I just opened help for ATTRIB command on Windows 10.0.15063, and found out that there are new attributes I didn't know about.

>attrib /?
Displays or changes file attributes.

ATTRIB [+R | -R] [+A | -A] [+S | -S] [+H | -H] [+O | -O] [+I | -I] [+P | -P] [+U | -U]
       [drive:][path][filename] [/S [/D]] [/L]

  +   Sets an attribute.
  -   Clears an attribute.
  R   Read-only file attribute.
  A   Archive file attribute.
  S   System file attribute.
  H   Hidden file attribute.
  O   Offline attribute.
  I   Not content indexed file attribute.
  X   No scrub file attribute.
  V   Integrity attribute.
  P   Pinned attribute.
  U   Unpinned attribute.
      Specifies a file or files for attrib to process.
  /S  Processes matching files in the current folder
      and all subfolders.
  /D  Processes folders as well.
  /L  Work on the attributes of the Symbolic Link versus
      the target of the Symbolic Link

(specifically, X, V, P, U)

And I can set +X via ATTRIB command, even though it's not listed as modifiable.

I don't know what they do or used for though. And I didn't manage to google out anything useful except lists not much more useful than the help itself. Even Microsoft' own help does not help.I tried googling. Really!

  • I've upvoted all 3 answers to date, since they give useful information, however accepted none as neither correctly explains all attributes I've asked about (DavidPostill's one gives wrong meaning for P and misses U). Dec 28, 2021 at 7:48

3 Answers 3


There are actually more new attributes found in C:\Program Files (x86)\Windows Kits\10\Include\10.0.16299.0\um\winnt.h:

FILE_ATTRIBUTE_UNPINNED              = 0x00100000
FILE_ATTRIBUTE_PINNED                = 0x00080000

Only the last one is documented at https://msdn.microsoft.com/en-us/library/windows/desktop/gg258117%28v=vs.85%29.aspx

Based on https://techcommunity.microsoft.com/t5/OneDrive-for-Business/Files-on-demand-difference-in-locally-available-and-always/m-p/118203#M2781 my guess is that the "Pinned" flag is used to prevent that the file is purged from local storage when running low on disk space. The "Unpinned" attribute, OTOH, seems to be used to indicate that you want to force that the file is not stored locally.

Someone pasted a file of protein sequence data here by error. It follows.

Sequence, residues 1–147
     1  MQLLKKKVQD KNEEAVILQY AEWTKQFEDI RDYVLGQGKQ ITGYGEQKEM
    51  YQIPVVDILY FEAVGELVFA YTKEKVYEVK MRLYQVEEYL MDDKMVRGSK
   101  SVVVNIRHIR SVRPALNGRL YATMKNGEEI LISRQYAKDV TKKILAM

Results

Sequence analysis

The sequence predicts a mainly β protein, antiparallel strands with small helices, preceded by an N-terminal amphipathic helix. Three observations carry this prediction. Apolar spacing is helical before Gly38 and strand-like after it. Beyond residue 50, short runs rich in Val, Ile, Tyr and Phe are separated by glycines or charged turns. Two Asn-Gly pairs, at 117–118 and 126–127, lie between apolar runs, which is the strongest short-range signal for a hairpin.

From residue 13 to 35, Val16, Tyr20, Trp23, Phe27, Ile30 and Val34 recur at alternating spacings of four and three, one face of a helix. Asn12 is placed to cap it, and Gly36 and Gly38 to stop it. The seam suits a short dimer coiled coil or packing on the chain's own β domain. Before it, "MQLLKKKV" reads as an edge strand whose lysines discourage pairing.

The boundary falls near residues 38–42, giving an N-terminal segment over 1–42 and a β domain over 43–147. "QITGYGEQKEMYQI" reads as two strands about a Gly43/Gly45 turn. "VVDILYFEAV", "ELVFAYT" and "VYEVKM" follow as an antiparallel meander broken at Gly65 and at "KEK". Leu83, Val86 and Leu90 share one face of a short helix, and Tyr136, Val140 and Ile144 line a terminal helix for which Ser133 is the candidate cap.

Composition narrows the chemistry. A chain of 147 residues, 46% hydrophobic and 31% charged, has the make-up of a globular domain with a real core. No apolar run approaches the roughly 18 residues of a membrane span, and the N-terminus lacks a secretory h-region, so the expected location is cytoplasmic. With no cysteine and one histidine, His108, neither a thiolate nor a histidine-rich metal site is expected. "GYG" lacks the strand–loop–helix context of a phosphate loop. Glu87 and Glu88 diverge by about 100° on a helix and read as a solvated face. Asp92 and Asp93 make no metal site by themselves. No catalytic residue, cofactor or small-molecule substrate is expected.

I'm currently investigating how these attributes are used by the new "OneDrive Files On Demand" feature (https://support.office.com/en-us/article/Learn-about-OneDrive-Files-On-Demand-0E6860D3-D9F3-4971-B321-7092438FB38E).

See https://social.technet.microsoft.com/Forums/windows/en-US/375f3933-fcab-450c-bb9c-da54155549e2/how-do-i-getset-onedrive-files-on-demand-status-from-powershell?forum=ITCG if you want to learn from these investigations.


There are new attributes I didn't know about.

V Integrity attribute.

This is related to checking for file corruption:

Integrity-streams - ReFS uses checksums for metadata and optionally for file data, giving ReFS the ability to reliably detect corruptions.

Source Resilient File System (ReFS) overview


The directory or user data stream is configured with integrity (only supported on ReFS volumes). It is not included in an ordinary directory listing. The integrity setting persists with the file if it's renamed. If a file is copied the destination file will have integrity set if either the source file or destination directory have integrity set.

Source File Attribute Constants

X No scrub file attribute.

This is related to error correction:

Proactive error correction - In addition to validating data before reads and writes, ReFS introduces a data integrity scanner, known as a scrubber. This scrubber periodically scans the volume, identifying latent corruptions and proactively triggering a repair of corrupt data.